Chapter 43 Summary

The tiltyard at Templestowe is prepared for mortal combat, with a stake set up for the execution to follow. Among the crowd is a minstrel and a friar, who stop to hear the latest gossip. It is rumored that Athelstane of Coningsburgh was raised from the dead after being buried for several weeks.

The minstrel encourages the storyteller, but he and the friar deny every point of the story: Athelstane was at Ashby, so he can't have been dead so long; his body was carried to Coningsburgh, not St. Edmunds; the sacristan's visitor was a sober cleric, not a drunken friar.

It soon becomes clear to the minstrel, who is Allan-a-Dale, that the friar knows more than he has told. Friar Tuck tells him how his quarter staff passed right through the specter of Athelstane. He tells Allan-a-Dale that he has come to help with the combat or witch burning, whatever the case may be, as atonement.

The Templars enter the field in a procession, with Sir Brian sandwiched between Malvoisin and Conrade. Rebecca is seated beside the stake. She prays a moment, then studies the stake and the pile of wood surrounding it before looking away.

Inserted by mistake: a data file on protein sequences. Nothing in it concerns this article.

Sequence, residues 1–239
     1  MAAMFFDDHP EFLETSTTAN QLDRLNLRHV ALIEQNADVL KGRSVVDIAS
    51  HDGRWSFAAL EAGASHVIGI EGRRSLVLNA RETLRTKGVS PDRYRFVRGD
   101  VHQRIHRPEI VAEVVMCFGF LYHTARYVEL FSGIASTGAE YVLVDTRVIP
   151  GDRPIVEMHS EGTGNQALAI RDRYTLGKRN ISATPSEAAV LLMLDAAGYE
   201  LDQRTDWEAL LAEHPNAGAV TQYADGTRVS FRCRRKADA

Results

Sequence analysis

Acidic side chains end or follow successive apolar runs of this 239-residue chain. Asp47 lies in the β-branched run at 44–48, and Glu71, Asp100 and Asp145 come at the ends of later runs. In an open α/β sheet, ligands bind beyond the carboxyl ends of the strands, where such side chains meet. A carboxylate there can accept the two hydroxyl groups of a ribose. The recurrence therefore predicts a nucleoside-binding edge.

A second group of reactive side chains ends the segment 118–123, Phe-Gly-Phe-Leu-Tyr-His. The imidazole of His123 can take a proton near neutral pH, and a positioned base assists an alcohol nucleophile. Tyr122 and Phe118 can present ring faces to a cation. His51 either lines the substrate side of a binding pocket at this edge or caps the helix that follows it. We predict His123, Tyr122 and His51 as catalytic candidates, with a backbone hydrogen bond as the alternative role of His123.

The grand master asks Sir Brian to undergo the formality of swearing that his cause against Rebecca is just, but Malvoisin tells him that he already took the oath with Conrade—a lie to avoid a potential reversal from Sir Brian.

No knight has appeared to be Rebecca's champion, so the grand master tells the herald to ask Rebecca if she's expecting anybody. Sir Brian turns his horse and follows the herald to Rebecca's chair. Rebecca requests more time, and while the herald is relaying her message to the grand master, Sir Brian urges her to jump on his horse, who he is sure will carry them safely away. She rejects him once again, and Malvoisin interrupts to bring Sir Brian away.

After two hours of waiting, the crowd grows restless, but Wilfrid arrives in time. He and his horse are reeling from exhaustion, and it doesn't seem that he will be able to fight. Sir Brian at first refuses to fight him in such a condition, but Wilfrid reminds the Templar of their oaths at Rotherwood that they would fight the next time they met. Sir Brian then agrees and they take their places.

In the charge, Ivanhoe is easily knocked down, but his lance lightly touches Sir Brian's shield. Sir Brian tumbles. When Wilfrid asks whether the Templar yields, there is no answer. Sir Brian opens his eyes and dies. The grand master is convinced by Sir Brian's incomprehensible death that the judgment has fallen in Rebecca's favor.